|19 July 2001
ZIMBABWE: Donors may helpavert food crisis
As the Zimbabwe government
slowly begins to face the reality that in six months time the country could run
out of food, UNDP told IRIN that donors might support a UN-administered food
aid initiative. "A food aid project in which UNDP is the sole distributor in
Zimbabwe could be the sort of solution that international donors would
consider," Mkuleko Hikwa of UNDP in Harare said.
A recent WFP/FAO report
on Zimbabwe estimated that the country would need to import 579,000 mts of
grain to avoid a major food crisis in coming months. The report highlighted the
fact that due to the substantial decline in gold production and the tobacco
harvest, and the lack of foreign currency earnings, the government's ability to
import maize is extremely limited.
Experts said that shortages would
begin to be felt in the first half of 2002. A government admission two weeks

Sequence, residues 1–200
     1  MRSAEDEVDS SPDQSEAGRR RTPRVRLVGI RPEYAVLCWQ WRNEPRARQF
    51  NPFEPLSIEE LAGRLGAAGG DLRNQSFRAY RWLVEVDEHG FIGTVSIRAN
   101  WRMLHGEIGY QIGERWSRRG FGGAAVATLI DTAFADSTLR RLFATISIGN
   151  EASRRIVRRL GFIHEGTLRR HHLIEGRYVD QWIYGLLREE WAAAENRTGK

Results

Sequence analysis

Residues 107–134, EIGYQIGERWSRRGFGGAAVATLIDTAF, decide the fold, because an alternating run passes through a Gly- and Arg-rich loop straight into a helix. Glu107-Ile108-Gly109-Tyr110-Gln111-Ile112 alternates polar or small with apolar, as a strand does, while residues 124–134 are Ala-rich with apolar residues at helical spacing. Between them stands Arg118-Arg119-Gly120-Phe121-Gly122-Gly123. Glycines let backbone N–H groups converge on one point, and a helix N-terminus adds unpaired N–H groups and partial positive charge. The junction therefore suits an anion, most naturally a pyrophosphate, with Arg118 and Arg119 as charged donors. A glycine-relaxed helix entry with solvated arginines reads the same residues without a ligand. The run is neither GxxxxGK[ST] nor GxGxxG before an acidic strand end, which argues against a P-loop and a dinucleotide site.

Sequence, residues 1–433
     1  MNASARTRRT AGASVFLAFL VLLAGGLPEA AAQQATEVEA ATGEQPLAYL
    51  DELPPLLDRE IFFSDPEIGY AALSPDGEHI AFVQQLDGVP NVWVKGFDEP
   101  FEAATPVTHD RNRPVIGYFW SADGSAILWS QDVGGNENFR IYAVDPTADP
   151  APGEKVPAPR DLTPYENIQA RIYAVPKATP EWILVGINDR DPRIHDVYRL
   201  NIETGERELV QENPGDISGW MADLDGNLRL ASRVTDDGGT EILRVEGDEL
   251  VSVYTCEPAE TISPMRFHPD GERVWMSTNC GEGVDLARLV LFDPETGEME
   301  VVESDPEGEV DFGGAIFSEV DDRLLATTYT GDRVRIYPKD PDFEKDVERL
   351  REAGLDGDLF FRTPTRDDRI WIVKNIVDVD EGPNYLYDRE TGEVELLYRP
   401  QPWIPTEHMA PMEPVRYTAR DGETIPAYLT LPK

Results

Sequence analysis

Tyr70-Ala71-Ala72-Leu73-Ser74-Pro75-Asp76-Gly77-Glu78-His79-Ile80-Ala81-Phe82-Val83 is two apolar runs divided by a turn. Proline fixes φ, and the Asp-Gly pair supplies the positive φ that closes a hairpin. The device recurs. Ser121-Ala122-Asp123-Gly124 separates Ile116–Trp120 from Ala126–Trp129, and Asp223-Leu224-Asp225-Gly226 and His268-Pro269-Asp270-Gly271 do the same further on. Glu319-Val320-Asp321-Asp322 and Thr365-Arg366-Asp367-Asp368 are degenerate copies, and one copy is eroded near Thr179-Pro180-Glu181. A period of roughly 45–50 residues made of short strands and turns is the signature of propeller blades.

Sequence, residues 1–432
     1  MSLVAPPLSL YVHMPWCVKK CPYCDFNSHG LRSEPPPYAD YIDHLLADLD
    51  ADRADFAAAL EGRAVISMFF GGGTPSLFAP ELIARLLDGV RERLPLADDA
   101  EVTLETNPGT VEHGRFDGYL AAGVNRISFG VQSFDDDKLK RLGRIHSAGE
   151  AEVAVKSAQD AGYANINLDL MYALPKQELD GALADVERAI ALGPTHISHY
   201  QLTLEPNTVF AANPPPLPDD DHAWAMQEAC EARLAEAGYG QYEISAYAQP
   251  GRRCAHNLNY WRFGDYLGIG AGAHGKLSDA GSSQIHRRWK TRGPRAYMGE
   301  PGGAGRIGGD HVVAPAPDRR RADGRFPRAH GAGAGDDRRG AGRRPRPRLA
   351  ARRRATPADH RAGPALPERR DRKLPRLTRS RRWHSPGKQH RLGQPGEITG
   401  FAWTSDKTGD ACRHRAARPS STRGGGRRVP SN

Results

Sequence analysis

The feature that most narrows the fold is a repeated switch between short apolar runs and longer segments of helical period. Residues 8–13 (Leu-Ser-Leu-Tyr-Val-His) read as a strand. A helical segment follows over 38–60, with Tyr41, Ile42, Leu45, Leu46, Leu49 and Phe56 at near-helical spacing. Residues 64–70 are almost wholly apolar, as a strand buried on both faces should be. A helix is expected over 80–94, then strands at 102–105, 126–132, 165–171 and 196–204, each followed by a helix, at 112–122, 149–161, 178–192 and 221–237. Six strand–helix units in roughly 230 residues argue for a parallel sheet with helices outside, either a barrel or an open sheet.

ago that it may have to ask for food aid was rapidly followed by an
announcement that an inter-ministerial food security task force would be
established to address the looming crisis.
But UNDP said that no
special request for food aid had been received from President Robert Mugabe's
government or from any other organisation. "We're still talking to the
government and we're facilitating negotiations between them and donor countries
and organisations," Hikwa told IRIN.
The opposition Movement for
Democratic Change (MDC) last week called for food aid to be adminstered by NGOs
and not by the government, who could use it politically in the run-up to next
year's presidential elections. "We know ZANU-PF has been using food relief for
political purposes," said MDC leader Morgan Tsvangirai at a press conference.
"If you want food relief you buy a ZANU-PF card."
But some analysts
told IRIN that keeping the government out of administering and distributing
food aid nationwide would be impossible. "There's no reason to suppose the
government will not play the food card in next year's election, but whether
that would be decisive remains to be seen," one economist said.
WFP/FAO report suggests that bilateral food aid may be the answer to Zimbabwe's
woes - to help ensure an adequate grain supply at affordable prices in deficit
areas, both rural and urban. (IRIN)